Are your fridge and circuit breaker not on good terms?
A refrigerator is a major appliance, and can draw quite a lot of electricity. This can sometimes cause a surge – tripping the circuit breaker – but this shouldn’t be a regular occurrence.
If your fridge regularly trips the circuit breaker, your circuit may be overloaded. Try unplugging other appliances to solve the issue. If the refrigerator keeps tripping the breaker – then there may be an electrical fault in the compressor.
The long story short is that the compressor, when turning on to cool the fridge, is what’s causing the malfunction.
The good news is that you can follow the simple steps below to do a bit of troubleshooting yourself. The bad news is that you may still need to call out a pro if these steps don’t work. Please bear in mind these are provided as advice only – don’t do anything you’re not confident or qualified to do, call an expert instead if needed.
With that said, let’s dive in to the details.
What You’ll Need
You actually don’t need that many tools to prevent your fridge from tripping your circuit breaker. This is because the basic repairs involve unscrewing a few things and replacing a defective piece of electronics. The more intensive repairs should be done by electricians only because they are more demanding. They can even involve replacing your entire circuit breaker box.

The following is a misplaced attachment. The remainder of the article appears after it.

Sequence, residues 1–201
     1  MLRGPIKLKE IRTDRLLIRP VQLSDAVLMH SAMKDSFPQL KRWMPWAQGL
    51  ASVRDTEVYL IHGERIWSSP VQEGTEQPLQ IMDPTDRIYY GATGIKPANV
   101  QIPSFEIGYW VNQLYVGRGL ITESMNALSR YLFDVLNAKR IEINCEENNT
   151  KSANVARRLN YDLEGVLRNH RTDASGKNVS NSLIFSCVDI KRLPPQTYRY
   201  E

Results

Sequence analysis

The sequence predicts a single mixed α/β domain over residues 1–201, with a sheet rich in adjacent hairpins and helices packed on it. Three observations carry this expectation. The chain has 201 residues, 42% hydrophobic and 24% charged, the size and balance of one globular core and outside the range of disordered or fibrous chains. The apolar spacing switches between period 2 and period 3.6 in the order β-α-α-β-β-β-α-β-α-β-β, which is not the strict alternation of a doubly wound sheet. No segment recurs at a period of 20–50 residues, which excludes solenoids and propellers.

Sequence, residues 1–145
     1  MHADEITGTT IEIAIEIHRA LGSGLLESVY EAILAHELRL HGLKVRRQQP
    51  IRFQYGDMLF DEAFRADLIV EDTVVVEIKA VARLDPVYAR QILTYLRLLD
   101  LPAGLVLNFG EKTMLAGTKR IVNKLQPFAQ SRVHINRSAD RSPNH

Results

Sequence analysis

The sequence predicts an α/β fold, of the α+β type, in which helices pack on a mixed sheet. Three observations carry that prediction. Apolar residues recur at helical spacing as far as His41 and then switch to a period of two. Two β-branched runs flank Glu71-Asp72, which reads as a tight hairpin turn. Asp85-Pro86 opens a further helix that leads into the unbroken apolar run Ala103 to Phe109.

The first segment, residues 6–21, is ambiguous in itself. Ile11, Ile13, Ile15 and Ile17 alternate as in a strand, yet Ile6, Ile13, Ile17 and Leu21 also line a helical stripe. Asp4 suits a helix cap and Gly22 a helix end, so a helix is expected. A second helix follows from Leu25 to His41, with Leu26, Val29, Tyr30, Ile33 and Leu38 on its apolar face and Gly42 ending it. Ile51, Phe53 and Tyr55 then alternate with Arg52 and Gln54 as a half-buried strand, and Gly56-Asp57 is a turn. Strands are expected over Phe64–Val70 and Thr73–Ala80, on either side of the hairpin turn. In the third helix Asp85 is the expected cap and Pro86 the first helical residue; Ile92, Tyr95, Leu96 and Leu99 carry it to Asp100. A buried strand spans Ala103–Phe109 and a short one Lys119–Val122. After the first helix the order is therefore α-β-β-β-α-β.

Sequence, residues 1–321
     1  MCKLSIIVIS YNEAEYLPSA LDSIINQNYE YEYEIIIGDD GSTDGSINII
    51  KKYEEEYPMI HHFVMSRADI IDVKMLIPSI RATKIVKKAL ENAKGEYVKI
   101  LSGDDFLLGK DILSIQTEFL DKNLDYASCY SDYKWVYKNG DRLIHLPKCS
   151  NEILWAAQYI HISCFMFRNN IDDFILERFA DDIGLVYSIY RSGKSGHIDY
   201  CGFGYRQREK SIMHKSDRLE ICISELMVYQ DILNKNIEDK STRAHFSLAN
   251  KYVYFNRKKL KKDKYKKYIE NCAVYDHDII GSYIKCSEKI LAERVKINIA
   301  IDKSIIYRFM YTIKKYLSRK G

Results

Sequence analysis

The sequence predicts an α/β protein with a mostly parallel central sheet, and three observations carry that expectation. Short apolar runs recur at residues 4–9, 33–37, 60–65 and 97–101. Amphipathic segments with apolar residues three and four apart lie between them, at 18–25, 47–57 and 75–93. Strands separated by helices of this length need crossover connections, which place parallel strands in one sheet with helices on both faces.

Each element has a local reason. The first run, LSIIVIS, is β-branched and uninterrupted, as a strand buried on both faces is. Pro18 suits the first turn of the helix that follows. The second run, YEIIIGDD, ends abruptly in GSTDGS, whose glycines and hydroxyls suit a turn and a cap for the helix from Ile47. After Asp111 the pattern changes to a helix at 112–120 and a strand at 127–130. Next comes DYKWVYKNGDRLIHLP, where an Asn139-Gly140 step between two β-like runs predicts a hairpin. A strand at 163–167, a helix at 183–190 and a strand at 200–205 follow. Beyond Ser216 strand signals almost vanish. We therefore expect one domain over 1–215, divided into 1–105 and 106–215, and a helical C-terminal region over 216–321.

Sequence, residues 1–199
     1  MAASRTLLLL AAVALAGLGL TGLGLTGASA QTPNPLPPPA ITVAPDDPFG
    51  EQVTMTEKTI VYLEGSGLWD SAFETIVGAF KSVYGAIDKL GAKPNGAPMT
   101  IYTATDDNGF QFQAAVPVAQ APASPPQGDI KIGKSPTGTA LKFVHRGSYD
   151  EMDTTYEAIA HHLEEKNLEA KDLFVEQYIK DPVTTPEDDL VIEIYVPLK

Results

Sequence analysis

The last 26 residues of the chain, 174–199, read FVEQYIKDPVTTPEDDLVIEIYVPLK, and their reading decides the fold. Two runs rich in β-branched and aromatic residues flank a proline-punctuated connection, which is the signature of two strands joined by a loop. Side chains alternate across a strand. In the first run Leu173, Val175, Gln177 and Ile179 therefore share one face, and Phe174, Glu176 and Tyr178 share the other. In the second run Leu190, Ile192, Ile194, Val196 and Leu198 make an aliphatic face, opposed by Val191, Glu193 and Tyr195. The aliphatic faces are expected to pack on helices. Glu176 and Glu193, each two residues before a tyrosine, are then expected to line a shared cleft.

Here’s a few of the supplies you’ll need depending on what the cause of the problem is:
- Nut driver
- New GFCI outlet
- Voltage detector (or a working lamp)
- Wire cutters
- Your smartphone (for taking pictures of wiring)
How to Fix a Fridge That Keeps Tripping Your Circuit Breaker
A fridge that keeps tripping your circuit breaker is a real nuisance. This can disrupt the day-to-day lives of everyone in your house. Let’s get this fixed before it becomes a more serious issue.
#1 Tripping Your GFCI
Did you know that there’s more than one type of electrical outlet in your home?
There’s a special type of outlet known as a GFCI. These are also called ground fault circuit interrupters. These special outlets are typically put in locations that can become wet. They are more sensitive to electrical currents. A GFCI is designed to be a first line of defense against electric shock and fire in more hazardous situations.
You can spot a GFCI because it will have two buttons in between the plugs. One button will be labeled test and the other will be called a reset. Before we check any of the other fixes on this list, we’re going to make sure that the GFCI your fridge is plugged into is working.
Here’s a few steps you can take to make sure that the GFCI isn’t actually the source of your problem:
- Unplug your fridge
- Press the “test” button on your GFCI
- You should hear a clicking noise when the button is fully depressed
- Press the “reset” button on your GFCI
- You should hear a softer clicking noise and the outlet should be reset
- Plug your fridge back in
#2 Overloading Your Circuit Breaker
We’ve all had to go down into the basement and flip a switch in the breaker box, but what’s actually going on behind the scenes?
Your circuit breaker prevents electricity from overloading in your home. Consider it one big safety device that’s preventing accidental shocks and fires. Your circuit breaker is where all of the circuits in your home meet.